In October 1347, twelve Genoese trading vessels arrived at the harbour of Messina in Sicily. The sailors bore a disease that if anyone spoke or touched them; the disease attacked their body also. The infection spread one to another with such an alarming rate. Their bodies were covered with small black boils, and they would vomit blood. Once infected death was a welcome release to the pain, and death would take place in three to four days.
When the officials of Messina discovered this disease has no cure and originated from the fleet of trading ships sitting in their harbour, they were ordered to leave. Yet, it was too late; it had taken hold of the inhabitants of Messina, and spread like wildfire.
Corpses lay where they died, houses of the dead were not entered, and many were buried.
It didn’t take long for news to spread, that Messina had become a plague infected port, and residents fled their homes, seeking safety far away. Some settled in vineyards and fields, others descended upon the town of Catania. They didn’t realise they had become carriers of the plague.
The further the plague carriers of Messina spread through the island of Sicily, so the plague was expanded, becoming completely out of control. The disease infested Catania in late October of 1347 and by April 1348, no living person remained.
The Pope seeked help from medical scientists of Paris in 1348, in dealing with such a deadly disease, which was responsible for deaths on a large scale.
Their reply wasn’t the answer one had expected, they blamed the cause upon the planets; the conjunction of Saturn, Jupiter and Mars in the sign of Aquarius had taken place in 1345. This had caused hot moist conditions, and so the Earth had exhaled poisonous vapours.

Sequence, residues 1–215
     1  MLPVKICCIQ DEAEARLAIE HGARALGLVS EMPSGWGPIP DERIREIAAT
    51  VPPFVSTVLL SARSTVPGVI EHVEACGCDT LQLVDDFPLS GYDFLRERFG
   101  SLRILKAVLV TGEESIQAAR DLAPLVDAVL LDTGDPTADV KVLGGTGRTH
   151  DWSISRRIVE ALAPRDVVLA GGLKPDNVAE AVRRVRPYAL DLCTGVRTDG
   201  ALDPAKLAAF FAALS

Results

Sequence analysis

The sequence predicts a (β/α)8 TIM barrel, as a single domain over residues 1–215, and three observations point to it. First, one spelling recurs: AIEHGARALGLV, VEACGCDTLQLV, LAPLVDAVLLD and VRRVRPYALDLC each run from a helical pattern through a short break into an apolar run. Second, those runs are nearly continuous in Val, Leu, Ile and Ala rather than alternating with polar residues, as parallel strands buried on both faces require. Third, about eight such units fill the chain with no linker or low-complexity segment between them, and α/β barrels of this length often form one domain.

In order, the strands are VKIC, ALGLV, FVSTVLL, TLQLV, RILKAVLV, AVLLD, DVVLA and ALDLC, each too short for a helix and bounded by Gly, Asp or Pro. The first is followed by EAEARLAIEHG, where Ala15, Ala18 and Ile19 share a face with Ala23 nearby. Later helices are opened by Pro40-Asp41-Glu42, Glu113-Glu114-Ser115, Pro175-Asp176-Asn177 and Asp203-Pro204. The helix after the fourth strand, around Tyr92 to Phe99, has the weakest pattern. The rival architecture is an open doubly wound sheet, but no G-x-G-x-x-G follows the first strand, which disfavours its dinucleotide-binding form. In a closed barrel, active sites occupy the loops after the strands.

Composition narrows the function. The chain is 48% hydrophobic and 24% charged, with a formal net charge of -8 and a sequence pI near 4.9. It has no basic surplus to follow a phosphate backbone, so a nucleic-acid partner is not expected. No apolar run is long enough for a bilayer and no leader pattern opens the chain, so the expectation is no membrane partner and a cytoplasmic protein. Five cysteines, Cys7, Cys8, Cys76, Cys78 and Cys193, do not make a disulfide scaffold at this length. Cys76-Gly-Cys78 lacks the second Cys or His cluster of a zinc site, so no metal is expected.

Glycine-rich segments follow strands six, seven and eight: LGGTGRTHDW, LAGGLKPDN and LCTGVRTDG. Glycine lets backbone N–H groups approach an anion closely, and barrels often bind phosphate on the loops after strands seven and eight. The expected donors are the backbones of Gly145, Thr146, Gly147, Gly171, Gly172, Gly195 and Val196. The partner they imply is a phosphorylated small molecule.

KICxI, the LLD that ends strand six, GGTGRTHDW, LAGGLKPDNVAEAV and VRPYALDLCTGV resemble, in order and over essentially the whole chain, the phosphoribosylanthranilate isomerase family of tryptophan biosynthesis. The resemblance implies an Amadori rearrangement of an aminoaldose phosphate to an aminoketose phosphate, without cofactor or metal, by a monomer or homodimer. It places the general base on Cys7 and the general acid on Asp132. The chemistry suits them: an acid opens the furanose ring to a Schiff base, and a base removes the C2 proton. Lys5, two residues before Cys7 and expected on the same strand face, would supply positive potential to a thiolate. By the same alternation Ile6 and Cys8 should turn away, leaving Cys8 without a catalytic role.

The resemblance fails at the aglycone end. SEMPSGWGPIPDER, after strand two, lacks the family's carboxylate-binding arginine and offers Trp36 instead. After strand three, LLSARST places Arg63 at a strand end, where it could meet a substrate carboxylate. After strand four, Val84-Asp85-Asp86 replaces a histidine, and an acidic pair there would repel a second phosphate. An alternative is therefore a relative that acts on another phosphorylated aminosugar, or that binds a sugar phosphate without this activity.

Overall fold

They recommended no eating of meats, fish or poultry. Olive oil was dangerous and stress was to be avoided. They suggested one spends time with aromatic plants and herbs that had been grown naturally.
What actually worked was quarantine of one’s self from fleas and avoidance of anyone showing signs of disease.
Pope Clement VI from Avignon sat between two fires, thus the plagues bacillus was being destroyed by the heat, and the air he breathed was pure and clean.
Whilst the plague spread from town to town in Germany a new sect arose; the Flagellants, and believed they had the answer.
They stripped themselves to the waist, and marched through towns, undertaking penance, by inflicting punishments on their body to atone for their evils of the world. They flogged themselves until they drew blood. All they did was attract the attention of the Pope in October 1349, who condemned their actions, and outlawed it.
Man did not understand the biology of this disease and believed wrongly that Black Death was a divine punishment upon them by God for their wrong doings; Greed, Blasphemy, Heresy and Worldliness.
In turn they believed the Jewish communities were to blame, and many Jews were massacred in cities running close to the Rhine River.